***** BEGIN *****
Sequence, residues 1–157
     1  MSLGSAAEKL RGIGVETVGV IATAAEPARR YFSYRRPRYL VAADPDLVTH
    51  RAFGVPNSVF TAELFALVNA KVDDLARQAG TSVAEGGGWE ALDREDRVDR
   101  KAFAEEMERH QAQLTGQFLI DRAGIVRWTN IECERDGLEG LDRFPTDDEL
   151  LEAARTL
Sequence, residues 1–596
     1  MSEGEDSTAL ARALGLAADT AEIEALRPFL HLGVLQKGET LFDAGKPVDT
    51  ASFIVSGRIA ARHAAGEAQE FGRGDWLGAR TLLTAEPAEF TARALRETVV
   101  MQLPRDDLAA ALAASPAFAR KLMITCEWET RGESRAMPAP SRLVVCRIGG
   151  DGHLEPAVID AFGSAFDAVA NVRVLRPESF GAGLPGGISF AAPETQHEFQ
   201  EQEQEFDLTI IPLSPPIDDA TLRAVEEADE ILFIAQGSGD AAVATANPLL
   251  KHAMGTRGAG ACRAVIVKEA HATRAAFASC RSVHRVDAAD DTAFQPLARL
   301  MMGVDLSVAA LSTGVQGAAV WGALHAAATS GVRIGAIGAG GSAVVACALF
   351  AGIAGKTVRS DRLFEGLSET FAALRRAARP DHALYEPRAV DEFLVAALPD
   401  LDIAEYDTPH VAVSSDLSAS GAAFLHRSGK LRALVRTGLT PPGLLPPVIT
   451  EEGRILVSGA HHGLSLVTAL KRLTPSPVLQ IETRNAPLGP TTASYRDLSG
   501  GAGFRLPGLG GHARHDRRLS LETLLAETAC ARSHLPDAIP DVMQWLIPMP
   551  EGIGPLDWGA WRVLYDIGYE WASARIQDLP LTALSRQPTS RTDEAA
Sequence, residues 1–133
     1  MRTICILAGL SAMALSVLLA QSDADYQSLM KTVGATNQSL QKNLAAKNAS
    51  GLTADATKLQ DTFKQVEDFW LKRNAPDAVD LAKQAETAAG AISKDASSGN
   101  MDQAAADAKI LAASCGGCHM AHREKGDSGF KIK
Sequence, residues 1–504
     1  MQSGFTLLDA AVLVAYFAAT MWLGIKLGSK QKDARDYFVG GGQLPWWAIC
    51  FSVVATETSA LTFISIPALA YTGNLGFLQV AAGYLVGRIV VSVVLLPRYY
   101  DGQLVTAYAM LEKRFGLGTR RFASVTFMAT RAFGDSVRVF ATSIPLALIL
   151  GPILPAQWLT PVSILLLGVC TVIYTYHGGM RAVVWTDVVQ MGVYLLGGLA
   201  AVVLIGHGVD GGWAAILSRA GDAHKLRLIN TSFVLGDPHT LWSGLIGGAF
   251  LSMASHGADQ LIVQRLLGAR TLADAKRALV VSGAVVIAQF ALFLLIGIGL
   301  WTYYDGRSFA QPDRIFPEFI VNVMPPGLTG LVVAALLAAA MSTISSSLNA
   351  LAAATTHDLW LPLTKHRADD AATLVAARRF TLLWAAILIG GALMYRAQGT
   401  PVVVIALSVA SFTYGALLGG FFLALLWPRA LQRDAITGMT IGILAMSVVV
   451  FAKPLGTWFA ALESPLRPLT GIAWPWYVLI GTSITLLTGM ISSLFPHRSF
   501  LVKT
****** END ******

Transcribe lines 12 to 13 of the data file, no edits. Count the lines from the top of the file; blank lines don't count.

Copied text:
   251  KHAMGTRGAG ACRAVIVKEA HATRAAFASC RSVHRVDAAD DTAFQPLARL
   301  MMGVDLSVAA LSTGVQGAAV WGALHAAATS GVRIGAIGAG GSAVVACALF